Health Opinions

Situational Analysis of the COVID-19 Vaccination Programme

COVID-19 vaccine

By ZIMCODD Community Resource Monitors

On the 18th of February 2021, the Government of Zimbabwe through the Ministry of Health and Child Care launched the vaccination program and as at 7 July 2021, a total of 819 058 (first dose) and 579 699 Zimbabweans (second dose) had been inoculated against COVID-19.

The National Vaccination Programme has been enabled by donations from countries such as the People’s Republic of China, Russia, India as well as the purchases by the Zimbabwean government following the announcement of the US$100million surplus on 31st January 2021 which was set aside for the purchase of 20million vaccines (targeting 10million citizens to attain the 60% herd immunity). The following depicts the quantum of vaccines in stock including those already administered as well as those yet to be received:

Sinopharm400 000  China (Donated)
Sinopharm600 000  China Bought)
Sinovac2 000 000  China (Bought)
Sinovac1 200 000  China (Bought)
Sputnik V25 000  Russia (Donated)
Sputnik V



35 000

75 000 Russia (Donated)

India (Donated)

Covaxin 1 000 000 India (Bought)
Total4 260 0001 075 000  

In a quest to foster transparency and accountability in Public Resource Management in general and COVID-19 resources in particular, ZIMCODD is working with Community Resource Monitoring Agents who are deployed in 54 districts across the 10 provinces.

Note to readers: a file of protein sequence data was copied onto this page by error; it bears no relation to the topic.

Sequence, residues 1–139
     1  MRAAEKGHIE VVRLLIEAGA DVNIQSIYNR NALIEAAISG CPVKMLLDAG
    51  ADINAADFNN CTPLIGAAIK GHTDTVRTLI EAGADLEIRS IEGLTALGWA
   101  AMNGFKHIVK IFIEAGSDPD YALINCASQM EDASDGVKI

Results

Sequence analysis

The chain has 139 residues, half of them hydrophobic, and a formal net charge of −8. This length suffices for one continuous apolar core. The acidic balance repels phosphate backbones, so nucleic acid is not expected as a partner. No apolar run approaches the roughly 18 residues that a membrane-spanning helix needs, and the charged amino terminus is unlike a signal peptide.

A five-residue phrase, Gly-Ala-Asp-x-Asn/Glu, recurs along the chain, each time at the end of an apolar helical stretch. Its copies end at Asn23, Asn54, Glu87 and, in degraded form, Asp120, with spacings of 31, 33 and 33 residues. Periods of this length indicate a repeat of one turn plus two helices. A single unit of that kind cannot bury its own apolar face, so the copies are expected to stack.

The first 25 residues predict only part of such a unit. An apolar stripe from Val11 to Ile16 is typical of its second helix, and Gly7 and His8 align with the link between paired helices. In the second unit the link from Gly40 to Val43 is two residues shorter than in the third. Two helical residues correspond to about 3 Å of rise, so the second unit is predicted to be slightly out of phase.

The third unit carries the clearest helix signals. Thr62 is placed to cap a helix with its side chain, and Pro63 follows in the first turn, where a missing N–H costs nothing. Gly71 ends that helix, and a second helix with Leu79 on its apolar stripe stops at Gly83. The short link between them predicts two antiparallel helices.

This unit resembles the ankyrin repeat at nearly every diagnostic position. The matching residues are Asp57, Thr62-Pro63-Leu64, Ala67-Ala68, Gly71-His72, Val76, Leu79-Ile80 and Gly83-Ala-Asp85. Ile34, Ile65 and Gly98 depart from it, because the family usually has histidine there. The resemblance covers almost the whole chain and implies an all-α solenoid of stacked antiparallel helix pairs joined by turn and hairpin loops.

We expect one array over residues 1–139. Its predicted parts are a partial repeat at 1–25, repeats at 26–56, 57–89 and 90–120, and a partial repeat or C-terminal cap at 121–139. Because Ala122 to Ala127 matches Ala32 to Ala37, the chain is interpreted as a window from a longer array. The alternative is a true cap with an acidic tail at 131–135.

The statistics shared by the Ministry of Health and Childcare are blanket statistics that look at COVID-19 vaccination at a macroscopic level making it difficult to monitor vaccine distribution or uptake at a local level. However, the increase in cumulative totals of people vaccinated thus far mirrors a positive progression. This has been substantiated by Zimbabwe’s ranking on the 7th position in Africa and 3rd position in the Southern Africa region in managing COVID-19 vaccinations.

This week saw the mass informal traders COVID-19 vaccination campaign being implemented nationwide. The vaccination process is no longer on a voluntary basis, with vendors thrown into panic after the government announced that they will not get any stalls if not vaccinated. This directly increased demand for the first dose as citizens fight to secure their livelihoods which have been ravaged by COVID-19 induced restrictions. For an economy largely informal such as Zimbabwe, with over 70% in informal trading, it is concerning to note that vendors who failed to produce vending licences as defined by the criteria have been excluded from accessing the vaccines, especially in Bulawayo.


The period May, June, and July saw the demand for COVID-19 vaccines outweighing vaccine supplies, despite the government being on record that there is no short supply of COVID-19 vaccines. Many hospitals and clinics were turning away people who were coming for the first dose as the available vaccines were reserved for the second dose. Such health centers include Phakama in Gwanda, Nyameni clinic in Marondera, Nyamhunga Clinic, Kariba Heights, and Mahombekombe in Kariba, Entumbane Clinic, Luveve, Pumula Clinics in Bulawayo, Glen View Satelite Clinic and Budiriro 1 clinic in Harare, Chiredzi General Hospital, and Chipinge General Hospital. On the other hand, other districts reported a shortage of the second dose and these are Harare urban, Zvishavane, Gweru, Kwekwe, Marondera, Kariba, Masvingo urban, Gwanda, Nyanga in the same period.